Reviewed by Joseph Michael Mishler
Timberlake Wertenbaker’s The Ash Girl opened Friday June 17 at Clio Cast and Crew’s Theatre 57 under the direction of Terry Holden.
This play is a somewhat darker adaptation of Cinderella. Throughout the play the Seven Deadly Sins attempt to wreak havoc on two different families. Werternbaker was considered one of the most influential British playwrights of the late 1980s and early 1990s. Her plays include The Line, Our Country’s Good, and The Love of the Nightingale.
Ash Girl lives in the hearth protected by the ashes, but when she emerges, she is put upon by her two not-so-bright sisters and their angry mother. I am not going to go into much of the story that relates to Cinderella because everyone knows it, but I am sure Disney might not touch this adaptation. Part of the play revolves around those Seven Deadly Sins and their effort to entice Ash Girl over to the dark side. You’ll have to see the show to learn what happens.
The set was very well done. Loved the cave, the hearth and the stairs to the forest. My question is why did the director put the bulk of the action on the far left of the stage? The right side of the stage is much more effective. Also, why didn’t the director have the actors use more of the stage rather than be scrunched up on the sides? Because of the compression, there were awkward moments.
This is a large cast and the costuming was extremely well done.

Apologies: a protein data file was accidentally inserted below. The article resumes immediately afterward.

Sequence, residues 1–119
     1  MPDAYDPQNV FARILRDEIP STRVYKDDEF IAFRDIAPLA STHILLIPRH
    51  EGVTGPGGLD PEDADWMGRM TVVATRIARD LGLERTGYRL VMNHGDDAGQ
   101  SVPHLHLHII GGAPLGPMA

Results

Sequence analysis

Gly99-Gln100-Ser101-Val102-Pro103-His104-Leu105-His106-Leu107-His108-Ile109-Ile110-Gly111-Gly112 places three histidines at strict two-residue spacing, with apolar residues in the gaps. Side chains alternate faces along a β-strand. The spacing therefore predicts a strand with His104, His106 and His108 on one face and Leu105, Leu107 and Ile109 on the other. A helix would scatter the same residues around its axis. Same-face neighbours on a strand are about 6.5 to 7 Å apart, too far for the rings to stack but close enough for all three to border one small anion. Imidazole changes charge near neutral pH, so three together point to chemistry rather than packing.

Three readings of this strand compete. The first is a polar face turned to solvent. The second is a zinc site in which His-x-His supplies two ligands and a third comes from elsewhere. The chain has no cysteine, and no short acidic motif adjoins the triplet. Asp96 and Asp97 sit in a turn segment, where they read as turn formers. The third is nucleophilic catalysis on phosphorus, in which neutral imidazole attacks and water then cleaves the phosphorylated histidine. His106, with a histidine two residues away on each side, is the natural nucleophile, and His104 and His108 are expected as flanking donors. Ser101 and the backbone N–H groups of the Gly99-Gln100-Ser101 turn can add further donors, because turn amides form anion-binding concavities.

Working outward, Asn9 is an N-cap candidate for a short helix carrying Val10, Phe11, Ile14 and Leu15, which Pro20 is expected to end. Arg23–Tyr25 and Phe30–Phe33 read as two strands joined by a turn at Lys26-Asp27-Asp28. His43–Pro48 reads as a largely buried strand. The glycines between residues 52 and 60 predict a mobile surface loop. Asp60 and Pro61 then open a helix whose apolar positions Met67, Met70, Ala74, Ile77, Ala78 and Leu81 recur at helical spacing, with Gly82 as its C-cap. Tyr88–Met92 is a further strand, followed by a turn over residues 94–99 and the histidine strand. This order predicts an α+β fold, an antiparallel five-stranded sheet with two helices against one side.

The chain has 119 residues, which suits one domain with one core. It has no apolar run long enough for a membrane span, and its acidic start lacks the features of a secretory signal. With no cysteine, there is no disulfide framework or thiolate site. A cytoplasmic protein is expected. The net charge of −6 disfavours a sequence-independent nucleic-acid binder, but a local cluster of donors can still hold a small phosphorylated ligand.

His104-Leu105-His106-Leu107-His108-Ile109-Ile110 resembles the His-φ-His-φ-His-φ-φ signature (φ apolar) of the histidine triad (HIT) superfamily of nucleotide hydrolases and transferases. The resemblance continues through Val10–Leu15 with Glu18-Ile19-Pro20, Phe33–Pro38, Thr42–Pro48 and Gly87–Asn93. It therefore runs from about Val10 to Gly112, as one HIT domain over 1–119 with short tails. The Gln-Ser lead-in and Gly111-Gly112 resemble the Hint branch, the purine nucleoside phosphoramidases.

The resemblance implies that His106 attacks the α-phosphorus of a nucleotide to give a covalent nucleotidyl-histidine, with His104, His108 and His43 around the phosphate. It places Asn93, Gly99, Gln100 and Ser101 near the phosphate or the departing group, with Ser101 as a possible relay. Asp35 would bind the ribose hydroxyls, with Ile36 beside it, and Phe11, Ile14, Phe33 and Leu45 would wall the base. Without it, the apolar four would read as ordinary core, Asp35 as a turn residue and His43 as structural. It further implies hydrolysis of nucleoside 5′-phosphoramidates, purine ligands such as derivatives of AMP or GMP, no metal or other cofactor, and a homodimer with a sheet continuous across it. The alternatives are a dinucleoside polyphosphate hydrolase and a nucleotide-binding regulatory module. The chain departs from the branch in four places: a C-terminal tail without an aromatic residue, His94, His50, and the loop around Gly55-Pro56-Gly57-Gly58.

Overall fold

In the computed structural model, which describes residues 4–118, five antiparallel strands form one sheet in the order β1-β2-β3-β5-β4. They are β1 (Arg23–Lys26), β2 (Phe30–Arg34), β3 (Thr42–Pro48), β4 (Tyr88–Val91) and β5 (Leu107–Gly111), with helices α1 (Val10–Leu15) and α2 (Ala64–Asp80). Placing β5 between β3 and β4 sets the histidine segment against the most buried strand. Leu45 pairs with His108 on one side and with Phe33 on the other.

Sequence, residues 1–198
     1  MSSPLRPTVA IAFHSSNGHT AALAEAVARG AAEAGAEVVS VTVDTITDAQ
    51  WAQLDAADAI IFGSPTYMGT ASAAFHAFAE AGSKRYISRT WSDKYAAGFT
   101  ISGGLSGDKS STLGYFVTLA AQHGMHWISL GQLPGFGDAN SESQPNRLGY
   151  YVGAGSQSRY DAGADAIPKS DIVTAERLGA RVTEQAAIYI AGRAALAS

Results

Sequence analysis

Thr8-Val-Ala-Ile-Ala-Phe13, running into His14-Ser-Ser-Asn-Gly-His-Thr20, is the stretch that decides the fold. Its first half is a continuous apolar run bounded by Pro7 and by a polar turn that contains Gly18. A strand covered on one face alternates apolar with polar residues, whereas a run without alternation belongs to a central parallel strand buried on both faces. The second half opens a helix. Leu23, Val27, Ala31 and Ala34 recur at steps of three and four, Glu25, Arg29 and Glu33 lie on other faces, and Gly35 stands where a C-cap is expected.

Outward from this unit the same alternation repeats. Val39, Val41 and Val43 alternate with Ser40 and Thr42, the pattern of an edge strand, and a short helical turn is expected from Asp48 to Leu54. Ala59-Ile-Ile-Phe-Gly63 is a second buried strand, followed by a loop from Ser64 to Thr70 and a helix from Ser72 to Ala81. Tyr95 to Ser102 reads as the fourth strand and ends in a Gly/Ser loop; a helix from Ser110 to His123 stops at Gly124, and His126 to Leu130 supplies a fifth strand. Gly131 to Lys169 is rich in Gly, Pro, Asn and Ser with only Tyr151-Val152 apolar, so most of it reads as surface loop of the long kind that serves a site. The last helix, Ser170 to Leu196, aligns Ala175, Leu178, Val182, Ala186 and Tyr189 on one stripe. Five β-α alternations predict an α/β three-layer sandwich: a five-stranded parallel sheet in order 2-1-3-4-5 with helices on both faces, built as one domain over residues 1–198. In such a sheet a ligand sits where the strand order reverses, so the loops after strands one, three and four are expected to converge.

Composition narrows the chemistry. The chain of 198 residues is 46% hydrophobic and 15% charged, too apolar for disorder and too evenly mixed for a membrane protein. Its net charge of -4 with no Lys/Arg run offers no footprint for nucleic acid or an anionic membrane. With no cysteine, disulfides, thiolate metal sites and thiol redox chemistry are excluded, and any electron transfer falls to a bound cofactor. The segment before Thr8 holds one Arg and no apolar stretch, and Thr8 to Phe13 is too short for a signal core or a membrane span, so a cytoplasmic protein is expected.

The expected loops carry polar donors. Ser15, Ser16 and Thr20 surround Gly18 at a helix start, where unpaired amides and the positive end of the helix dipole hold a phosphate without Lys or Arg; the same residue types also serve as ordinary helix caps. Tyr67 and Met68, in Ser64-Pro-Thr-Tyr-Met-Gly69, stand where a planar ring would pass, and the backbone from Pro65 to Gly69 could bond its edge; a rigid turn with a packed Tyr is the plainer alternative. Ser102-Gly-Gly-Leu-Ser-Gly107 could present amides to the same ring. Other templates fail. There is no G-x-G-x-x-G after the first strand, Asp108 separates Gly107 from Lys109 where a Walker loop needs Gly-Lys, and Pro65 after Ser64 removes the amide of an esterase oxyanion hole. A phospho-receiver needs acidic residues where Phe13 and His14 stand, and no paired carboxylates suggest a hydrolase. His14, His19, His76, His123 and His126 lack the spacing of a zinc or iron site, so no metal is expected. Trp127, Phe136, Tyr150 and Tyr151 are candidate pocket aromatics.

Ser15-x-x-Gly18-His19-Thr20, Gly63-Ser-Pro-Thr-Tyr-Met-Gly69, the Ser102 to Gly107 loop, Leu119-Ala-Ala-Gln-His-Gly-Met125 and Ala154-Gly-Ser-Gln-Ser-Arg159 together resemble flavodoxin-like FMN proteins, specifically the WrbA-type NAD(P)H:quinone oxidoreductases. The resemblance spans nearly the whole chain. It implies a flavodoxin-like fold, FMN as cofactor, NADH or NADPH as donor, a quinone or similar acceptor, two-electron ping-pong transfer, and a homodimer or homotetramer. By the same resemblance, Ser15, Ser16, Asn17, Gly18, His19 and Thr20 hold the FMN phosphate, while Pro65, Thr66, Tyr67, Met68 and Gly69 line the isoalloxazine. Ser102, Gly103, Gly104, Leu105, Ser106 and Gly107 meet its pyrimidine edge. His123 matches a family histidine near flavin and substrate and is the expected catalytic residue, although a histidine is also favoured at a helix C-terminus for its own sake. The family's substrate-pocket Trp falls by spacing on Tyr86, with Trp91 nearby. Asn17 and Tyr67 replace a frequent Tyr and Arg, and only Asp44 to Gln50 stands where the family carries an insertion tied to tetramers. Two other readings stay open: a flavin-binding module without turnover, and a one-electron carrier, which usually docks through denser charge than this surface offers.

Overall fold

Samantha Tack played the title role and gave a good performance. She related well with the other actors and was convincing. She did however seem a tad bit young for a romance. As her two mean sisters Kayli Wade played Ruth and Rochelle Dula played Judith. They were a hoot and played by their own rules very well.
Pamela Beauchamp played Ash Girl’s Mother. Hers was a very strong performance and she was a convincing intimidator. Sierra Williams played Prince Amir, and while she gave a good performance, she needed to be a little more convincing.
Conner Hozwarth as the Owl and Steve Yerian as the Otter handled these roles nicely. Playing Sadness, Dawn Sabourin gave a good performance. Jeff Springay was fun to watch playing the Slothworm and proclaiming that he was a “Slug.” His neon green costume almost stole those scenes. He earned a well-deserved nap.
The Seven Deadly Sins were good, but didn’t create enough intensity. Some of them were not animated enough – The Slothworm is excused from that comment. Other than the Sloth, the only really animated one was Noah Beauchamp who played Greedmonkey. There was not a strong sense of ominousness or danger in the play. This was also true when Sadness and her followers were trying to seduce Ash Girl. The mice were cute and it was great when they practiced their gallop. Julianna McKay, who played the Fairy in the Mirror even she is not on the cast list, gave a good performance.
Overall, this is a good production. I like the attempt to give us a different version of Cinderella. If you’re looking for something with a different twist, this would be interesting to see. A round of applause is in order for the set designer and the costumer.
The Ash Girl performances will run June 18, 23, 24, 25, at 7:30 pm, and June 19 & 26 at 2:30 pm at Theatre 57 located at 2200 W. Vienna Rd., Clio MI 48420. Box office call 810-687-2566 or for tickets online at http://www.cliocastandcrew.com.